The differences of 316 and 304
:  : Apr 23,2021
There are more than 60 grades of stainless steel. Stainless steel is essentially a low carbon steel which contains chromium of 10% or more by weight. It is the addition of chromium that gives the steel its unique stainless, corrosion resisting properties. Austenitic 304 and 316 stainless steels are considered surgical or medical-grade stainless steels, they are the most commons stainless steels. The key difference that makes them different is the addition of molybdenum, an alloy which drastically enhances corrosion resistance, especially for more saline or chloride-exposed environments. 316 stainless steel contains molybdenum, but 304 does not. Both of these 300 grade steels are known for their excellent welding and forming properties, which give them applications across many industries. These alloys cannot be hardened by heat treatment, but they can develop high strength by cold working.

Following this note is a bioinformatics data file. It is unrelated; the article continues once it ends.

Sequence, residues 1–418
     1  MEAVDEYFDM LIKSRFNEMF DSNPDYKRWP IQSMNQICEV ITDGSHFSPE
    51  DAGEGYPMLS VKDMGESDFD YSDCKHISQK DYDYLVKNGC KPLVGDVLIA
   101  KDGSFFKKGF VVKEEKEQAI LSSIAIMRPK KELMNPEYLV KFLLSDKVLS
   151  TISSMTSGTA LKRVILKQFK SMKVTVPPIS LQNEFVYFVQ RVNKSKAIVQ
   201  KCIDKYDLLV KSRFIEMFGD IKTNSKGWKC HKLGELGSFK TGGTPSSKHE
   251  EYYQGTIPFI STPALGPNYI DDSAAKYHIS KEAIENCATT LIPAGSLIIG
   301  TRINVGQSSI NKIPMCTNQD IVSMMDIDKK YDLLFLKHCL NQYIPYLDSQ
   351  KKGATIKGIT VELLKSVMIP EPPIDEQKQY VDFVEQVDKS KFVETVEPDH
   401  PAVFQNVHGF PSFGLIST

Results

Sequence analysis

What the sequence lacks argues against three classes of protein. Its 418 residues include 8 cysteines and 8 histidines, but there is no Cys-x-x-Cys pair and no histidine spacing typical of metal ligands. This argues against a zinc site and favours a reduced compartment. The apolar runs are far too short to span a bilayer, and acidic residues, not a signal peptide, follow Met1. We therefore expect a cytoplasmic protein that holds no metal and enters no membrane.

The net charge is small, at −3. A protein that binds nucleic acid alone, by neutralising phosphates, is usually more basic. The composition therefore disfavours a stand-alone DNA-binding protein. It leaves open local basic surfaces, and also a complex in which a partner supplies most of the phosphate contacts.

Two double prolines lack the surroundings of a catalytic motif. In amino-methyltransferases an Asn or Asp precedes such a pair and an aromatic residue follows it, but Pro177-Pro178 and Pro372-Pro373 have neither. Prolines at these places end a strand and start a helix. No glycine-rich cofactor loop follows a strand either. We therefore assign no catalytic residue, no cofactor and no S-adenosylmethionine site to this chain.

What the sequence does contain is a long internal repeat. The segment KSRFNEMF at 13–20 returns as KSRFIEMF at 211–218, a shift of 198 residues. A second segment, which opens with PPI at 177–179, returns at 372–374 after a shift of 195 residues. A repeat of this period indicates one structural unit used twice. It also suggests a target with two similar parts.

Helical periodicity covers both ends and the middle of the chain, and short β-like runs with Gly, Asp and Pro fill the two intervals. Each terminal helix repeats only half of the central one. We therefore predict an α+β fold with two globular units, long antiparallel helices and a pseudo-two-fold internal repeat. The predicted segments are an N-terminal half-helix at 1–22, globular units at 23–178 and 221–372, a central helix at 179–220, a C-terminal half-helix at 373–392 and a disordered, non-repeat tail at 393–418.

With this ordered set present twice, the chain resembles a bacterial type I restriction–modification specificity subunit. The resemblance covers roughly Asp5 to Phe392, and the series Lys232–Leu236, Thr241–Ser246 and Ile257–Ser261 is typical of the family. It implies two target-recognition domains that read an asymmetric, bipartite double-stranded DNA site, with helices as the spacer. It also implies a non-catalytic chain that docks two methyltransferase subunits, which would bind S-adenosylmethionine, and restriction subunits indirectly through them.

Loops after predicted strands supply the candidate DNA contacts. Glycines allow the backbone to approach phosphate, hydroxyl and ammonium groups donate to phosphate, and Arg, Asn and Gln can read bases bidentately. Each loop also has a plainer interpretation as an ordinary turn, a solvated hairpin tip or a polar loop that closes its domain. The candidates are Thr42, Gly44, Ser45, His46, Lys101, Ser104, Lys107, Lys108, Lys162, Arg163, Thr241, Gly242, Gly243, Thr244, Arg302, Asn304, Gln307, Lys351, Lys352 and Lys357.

In pharmaceutical, power generation and chemical process applications, austenitic stainless steels like 304 are typically the first choice. Molybdenum is mainly used for added corrosion resistance in 316, make it ideal for more acidic environments. Certain critical petroleum, chemical process and marine applications with corrosive chloride gas require the improved pitting and crevice corrosion resistance of 316 molybdenum-modified stainless steels.